I always look forward to the Grand Teton CellarReserve beers, because while I enjoy the annual and seasonal releases, the Cellar Reserve Series takes the normal releases up a notch to the level of extraordinary beers.  The annual May 15th release is the sour release of the year with the Snarling Badger Berliner Weisse in 2012 and Oud Bruin in 2013.  The 2015 sour release, Sour Grand Saison sounds like a beer that can blow the previous releases out of the water as a blended sour, utilizing three different brews; a traditional saison recipe, a batch fermented with Brettanomyces Drei, and a batch dosed with lactobacillus.  The blend of the three beers should add additional complexity and create a beer more interesting and arguably better than any of the three component beers.

                The blending of different components into a superior finished product has long existed in the worlds of wine, whiskey, and scotch; but only relatively recently expanded into the realm of craft beer with the expansions of barrel aging.  One of my favorite breweries out on the west coast, Firestone Walker has been successfully blending beers utilizing the palates of some of the best sommeliers in the country for their annual anniversary release.  The move by Grand Teton into the realm of blending is an awesome feat and sure to result in a beer that is superior to the sum of the component beers.  I went into Sour Grand Saison hoping that blending created an amazing beer able to draw on the characteristic flavors and aromas of each of the component beers while at the same time coming to represent something new.

                As usual with Grand Teton Cellar Reserve releases I reached out to Brewmaster Rob Mullin to get any additional information he might have that would shed light on the planning behind this beer.  This time around he wrote the entire description, so he didn’t have much to add.  Let’s move on to the review.

They Say:

            VICTOR, ID – Grand Teton Brewing Company, known throughout the West for their exceptional craft brews, is proud to announce the release of Sour Grand Saison, the second in their 2015 Cellar Reserve series.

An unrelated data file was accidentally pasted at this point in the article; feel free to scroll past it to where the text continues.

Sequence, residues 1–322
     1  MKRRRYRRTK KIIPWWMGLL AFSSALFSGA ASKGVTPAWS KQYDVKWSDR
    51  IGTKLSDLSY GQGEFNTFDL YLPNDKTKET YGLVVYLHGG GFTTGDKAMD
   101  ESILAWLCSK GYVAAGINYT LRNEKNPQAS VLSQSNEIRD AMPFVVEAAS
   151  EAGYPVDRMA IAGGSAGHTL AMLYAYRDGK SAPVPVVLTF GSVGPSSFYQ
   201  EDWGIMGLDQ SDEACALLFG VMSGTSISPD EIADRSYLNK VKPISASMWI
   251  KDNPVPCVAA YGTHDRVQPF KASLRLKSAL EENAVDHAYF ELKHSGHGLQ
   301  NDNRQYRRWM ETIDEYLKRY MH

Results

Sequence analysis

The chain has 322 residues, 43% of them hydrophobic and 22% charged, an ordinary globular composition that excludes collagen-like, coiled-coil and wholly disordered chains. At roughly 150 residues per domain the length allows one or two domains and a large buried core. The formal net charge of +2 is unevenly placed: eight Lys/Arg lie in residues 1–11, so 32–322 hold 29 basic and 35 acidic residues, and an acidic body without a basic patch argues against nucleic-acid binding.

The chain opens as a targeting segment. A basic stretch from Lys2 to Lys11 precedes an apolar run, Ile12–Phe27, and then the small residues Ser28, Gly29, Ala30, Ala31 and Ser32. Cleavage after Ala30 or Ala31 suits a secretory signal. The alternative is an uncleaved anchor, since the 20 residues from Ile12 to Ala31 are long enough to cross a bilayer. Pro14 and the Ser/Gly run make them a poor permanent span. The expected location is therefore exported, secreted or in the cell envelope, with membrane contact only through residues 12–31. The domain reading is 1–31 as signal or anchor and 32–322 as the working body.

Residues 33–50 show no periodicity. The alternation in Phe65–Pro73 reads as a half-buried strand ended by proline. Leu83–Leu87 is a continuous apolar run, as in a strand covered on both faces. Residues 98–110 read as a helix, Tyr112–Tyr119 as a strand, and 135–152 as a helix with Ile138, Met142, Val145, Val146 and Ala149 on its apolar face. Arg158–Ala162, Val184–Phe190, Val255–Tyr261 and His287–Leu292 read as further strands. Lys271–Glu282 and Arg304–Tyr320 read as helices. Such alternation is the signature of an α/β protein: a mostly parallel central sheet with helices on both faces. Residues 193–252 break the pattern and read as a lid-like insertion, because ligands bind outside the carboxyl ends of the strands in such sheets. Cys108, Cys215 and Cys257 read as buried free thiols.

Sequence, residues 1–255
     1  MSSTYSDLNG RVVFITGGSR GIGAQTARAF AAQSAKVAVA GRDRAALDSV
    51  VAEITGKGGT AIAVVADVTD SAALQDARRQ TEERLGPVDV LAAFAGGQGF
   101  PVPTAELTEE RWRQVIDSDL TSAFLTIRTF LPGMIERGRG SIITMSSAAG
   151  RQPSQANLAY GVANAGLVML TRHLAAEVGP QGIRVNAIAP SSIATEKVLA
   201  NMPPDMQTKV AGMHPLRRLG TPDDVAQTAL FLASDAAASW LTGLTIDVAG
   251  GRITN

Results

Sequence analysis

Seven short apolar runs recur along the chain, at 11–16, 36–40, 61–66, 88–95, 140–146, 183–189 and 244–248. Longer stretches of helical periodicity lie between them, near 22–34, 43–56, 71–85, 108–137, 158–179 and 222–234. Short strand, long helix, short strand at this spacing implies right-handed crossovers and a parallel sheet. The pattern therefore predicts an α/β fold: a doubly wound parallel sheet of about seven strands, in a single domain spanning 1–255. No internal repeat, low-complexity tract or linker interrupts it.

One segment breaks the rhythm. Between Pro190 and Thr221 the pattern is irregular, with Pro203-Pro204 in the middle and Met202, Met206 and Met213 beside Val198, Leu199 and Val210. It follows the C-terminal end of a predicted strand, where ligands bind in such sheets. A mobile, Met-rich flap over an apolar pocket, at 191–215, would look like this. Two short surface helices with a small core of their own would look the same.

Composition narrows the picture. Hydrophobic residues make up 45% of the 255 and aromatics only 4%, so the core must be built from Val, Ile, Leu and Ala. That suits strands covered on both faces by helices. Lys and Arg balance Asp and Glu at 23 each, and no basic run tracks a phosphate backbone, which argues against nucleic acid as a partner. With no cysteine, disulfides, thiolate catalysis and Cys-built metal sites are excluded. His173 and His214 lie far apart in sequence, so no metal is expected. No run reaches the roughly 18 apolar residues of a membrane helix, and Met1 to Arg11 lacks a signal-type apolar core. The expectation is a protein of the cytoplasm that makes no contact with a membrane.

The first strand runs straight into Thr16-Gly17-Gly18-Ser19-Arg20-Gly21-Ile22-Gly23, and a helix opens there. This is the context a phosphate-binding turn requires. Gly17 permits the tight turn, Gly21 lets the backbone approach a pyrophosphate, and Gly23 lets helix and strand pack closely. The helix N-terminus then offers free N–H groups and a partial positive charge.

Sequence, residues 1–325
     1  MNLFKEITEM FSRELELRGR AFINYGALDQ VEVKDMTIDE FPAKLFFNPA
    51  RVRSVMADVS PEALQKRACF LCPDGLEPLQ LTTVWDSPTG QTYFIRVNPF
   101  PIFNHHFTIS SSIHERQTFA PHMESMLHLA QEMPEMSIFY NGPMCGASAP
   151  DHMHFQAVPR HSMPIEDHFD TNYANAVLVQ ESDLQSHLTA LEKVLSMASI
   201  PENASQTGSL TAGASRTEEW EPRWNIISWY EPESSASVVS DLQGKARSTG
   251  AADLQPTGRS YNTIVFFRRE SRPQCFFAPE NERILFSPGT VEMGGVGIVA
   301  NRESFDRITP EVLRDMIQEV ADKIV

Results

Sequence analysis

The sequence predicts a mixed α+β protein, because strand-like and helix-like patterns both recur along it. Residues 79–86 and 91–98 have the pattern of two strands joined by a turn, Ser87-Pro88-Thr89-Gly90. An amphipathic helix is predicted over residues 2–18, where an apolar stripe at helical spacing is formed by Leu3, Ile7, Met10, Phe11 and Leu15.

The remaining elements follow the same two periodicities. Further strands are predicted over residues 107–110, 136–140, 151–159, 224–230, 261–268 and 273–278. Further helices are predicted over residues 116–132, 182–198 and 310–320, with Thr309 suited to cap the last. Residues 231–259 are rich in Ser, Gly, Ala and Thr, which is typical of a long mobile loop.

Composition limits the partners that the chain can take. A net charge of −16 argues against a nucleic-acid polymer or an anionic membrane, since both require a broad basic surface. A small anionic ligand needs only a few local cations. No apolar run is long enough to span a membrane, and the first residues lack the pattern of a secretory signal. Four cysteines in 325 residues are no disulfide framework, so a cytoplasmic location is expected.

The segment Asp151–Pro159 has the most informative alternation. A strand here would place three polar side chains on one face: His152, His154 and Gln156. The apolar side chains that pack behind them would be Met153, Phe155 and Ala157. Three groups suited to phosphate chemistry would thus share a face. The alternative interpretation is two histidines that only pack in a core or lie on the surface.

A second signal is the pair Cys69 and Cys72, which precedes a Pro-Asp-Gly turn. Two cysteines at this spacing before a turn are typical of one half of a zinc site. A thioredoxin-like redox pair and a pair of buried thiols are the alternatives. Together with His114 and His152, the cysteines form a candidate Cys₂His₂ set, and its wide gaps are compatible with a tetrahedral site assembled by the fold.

Grand Teton Brewing first brewed The Grand Saison in 2011. It was one of their customers’ favorite -beers, garnered rave reviews and won a major international competition. Not content to rest on their laurels, Grand Teton’s brewers have updated the beer for 2015.  Using an old brewing technique called “three threads,” they blended a trio of unique beers into one harmonious whole.

The brewers of Grand Teton started by reproducing The Grand Saison 2011 recipe. The first “thread” follows centuries of tradition, using European hop varieties—German Hallertauer Tradition, UK Goldings, Czech Saaz and French Strisselspalt. They used a very light base malt accented by just a touch of German Wheat and Munich malts. Finally, they fermented it very warm with a classic Belgian yeast strain to bring out the spicy flavors that are common to saisons.

The second “thread” fermented with Brettanomyces Drei (also known as Brettanomyces Trois.) This wild yeast from Belgium produces a very delicate tartness with lovely aromas of tropical fruit like mango, peach, pineapple and guava.

Finally, Grand Teton’s brewers produced a third “thread” of saison, this one soured with Lactobacillus, a common and beneficial microorganism that we encounter every day. It gives yogurt its tang and helps to ferment pickled vegetables such as sauerkraut. In Grand Teton’s Sour Grand Saison, Lactobacillus provides a delightfully tart, tangy and crisp, citrusy-sour flavor.

Each of the three “threads” were carefully tasted and combined to create the wonderfully complex and delicious Sour Grand Saison.

Saison is the original summer beer. First brewed in southern Belgium for thirsty farm hands, these crisp, bubbly, and refreshing brews demand to be consumed on hot summer days. Grand Teton’s version, with its acidity and blend of living microbes, should cellar well, becoming more interestingly tart and complex for several years.

This style pairs well with an astonishing variety of foods. Drink it with grilled sausage or chicken, green curry with coconut milk, or a summer salad with vinaigrette and crumbled bleu cheese.

            Alcohol by Volume: 7.5%
            Original Gravity (Plato): 15.5˚ P
            International Bitterness Units: 34
            Color (Lovibond): 5.0˚

Sour Grand Saison will be available May 15, 2015 in 1/2 and 1/6 bbl kegs and bottle-conditioned 750 mL cases.

Brewmaster Rob Mullin adds:

                The beer was bottled with live Brett, so we do expect it to become even more tart over the next couple of years in the cellar. 

I Say: